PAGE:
Are We Reintroducing The Wrong Sturgeon Species in Our Waters?

Atlantic sturgeon (Acipenser oxyrinchus) (Photo: Cephas, Wikimedia Commons)
16/09/2016
Are We Reintroducing The Wrong Sturgeon Species in Our Waters?
post by
Reinout Verbeke

Using bone fragments found at archaeological sites, researchers from the Royal Belgian Institute of Natural Sciences have reconstructed the occurrence of sturgeon in the North Sea during the last 7.000 years. It appears that an unexpected sturgeon species was dominant in our region. Is this species the most suitable candidate for restocking and to save sturgeons from extinction?

Sturgeons are famous for their eggs, the caviar also known as ‘the black gold’. But the fish itself is also special. There are 20 different kinds of sturgeon, of which some can grow to a stunning 6 meters in length and 400 kilo in weight. Sturgeons are not only large but also long-lived: about 50 years on average, but century-old sturgeons are no exception. The scaleless fish with a dark back and white abdomen usually feed on small fish and shrimps. Most of the species live in the sea for years, before migrating upstream for spawning. Sturgeons have been on earth for about 200 million years, and are sometimes referred to as ‘living fossils’.

Another dominant species

Researchers always assumed that the European sturgeon Acipenser sturio was the sole sturgeon species living in the North Sea and Baltic Sea. This species, that once occurred in all European rivers and seas, is now only found in the Gironde-Garonne-Dordogne basin in France. Archaeological remains, discovered in the Netherlands, Belgium, Great Britain or France were blindly ascribed to the European sturgeon, until researcher Els Thieren from our Institute took a closer look at thousands of century-old sturgeon remains.

She found that about 6.500 years ago, not only Acipenser sturio occurred here, but also the Atlantic sturgeon A. oxyrinchus, a species that was thought to live only off the Atlantic coast of North America. The new study even demonstrates that the Atlantic sturgeon was the dominant species in the North Sea.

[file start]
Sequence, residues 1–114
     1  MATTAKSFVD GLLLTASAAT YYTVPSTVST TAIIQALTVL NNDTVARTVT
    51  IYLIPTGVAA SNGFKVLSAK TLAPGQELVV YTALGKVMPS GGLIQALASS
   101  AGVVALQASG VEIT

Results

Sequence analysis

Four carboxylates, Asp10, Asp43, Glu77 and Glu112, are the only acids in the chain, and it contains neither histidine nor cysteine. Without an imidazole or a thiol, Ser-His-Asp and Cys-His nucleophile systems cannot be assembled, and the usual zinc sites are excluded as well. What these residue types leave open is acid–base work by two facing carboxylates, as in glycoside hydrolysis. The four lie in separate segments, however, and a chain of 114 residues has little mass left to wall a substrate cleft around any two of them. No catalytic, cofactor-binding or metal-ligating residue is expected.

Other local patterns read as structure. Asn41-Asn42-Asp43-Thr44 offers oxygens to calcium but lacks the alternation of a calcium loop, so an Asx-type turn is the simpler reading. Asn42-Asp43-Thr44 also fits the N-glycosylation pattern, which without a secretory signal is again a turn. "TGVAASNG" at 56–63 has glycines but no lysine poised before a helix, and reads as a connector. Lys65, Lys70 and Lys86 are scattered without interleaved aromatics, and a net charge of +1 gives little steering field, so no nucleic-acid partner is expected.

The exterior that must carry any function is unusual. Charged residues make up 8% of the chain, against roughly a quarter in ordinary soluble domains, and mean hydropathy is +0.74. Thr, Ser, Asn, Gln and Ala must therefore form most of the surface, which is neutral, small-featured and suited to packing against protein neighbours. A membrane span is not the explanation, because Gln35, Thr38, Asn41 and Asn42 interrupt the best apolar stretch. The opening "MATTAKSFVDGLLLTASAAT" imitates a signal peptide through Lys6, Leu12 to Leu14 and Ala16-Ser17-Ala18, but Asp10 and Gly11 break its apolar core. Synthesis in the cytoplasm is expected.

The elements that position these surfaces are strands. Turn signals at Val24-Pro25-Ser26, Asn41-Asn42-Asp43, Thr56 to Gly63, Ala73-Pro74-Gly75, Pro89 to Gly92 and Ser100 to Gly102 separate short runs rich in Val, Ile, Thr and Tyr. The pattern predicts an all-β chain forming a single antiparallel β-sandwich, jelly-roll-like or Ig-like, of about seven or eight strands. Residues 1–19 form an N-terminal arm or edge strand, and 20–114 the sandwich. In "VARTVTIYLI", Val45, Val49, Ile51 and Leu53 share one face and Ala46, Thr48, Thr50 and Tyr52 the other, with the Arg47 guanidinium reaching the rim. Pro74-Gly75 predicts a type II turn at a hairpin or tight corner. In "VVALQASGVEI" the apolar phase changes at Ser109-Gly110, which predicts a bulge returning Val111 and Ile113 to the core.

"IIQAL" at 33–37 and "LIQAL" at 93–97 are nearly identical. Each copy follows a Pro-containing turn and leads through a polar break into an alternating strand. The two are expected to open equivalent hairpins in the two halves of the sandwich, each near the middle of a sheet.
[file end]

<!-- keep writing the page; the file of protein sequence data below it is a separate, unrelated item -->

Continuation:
Which species should be reintroduced?

Most sturgeon species are threatened with extinction as a result of overfishing for caviar and habitat loss. The decline of the North Sea sturgeon population is also noticeable in the archaeological remains: starting from the Middle Ages, less and less sturgeon remains are found. Since the 1980’s, policymakers and environmental organizations are trying to reintroduce the sturgeon: A. oxyrinchus in rivers flowing towards the Baltic Sea, and A. sturio in North Sea rivers. In 2012, dozens of members of A. sturio, coming from Gironde, were released in the Nieuwe Maas, near Rotterdam and in the Waal near Nijmegen, both in the Netherlands. A similar operation was performed in the Haringvliet in 2015.

But are we releasing the right species? “Reintroducing A. sturio in our waters is not wrong, technically”, says archaeozoologist Wim Van Neer (RBINS), who supervised the study. “The species occurred here for thousands of years, but it was always outnumbered by A. oxyrinchus. Or maybe A. sturio is in fact a good choice, as the climate is changing and this species thrives in warmer waters. Policymakers may consider releasing both species and looking which species survives best. In any case, this study shows that we can learn a lot from the past to protect our environment today”.

The study was published in Journal of Fish Biology.

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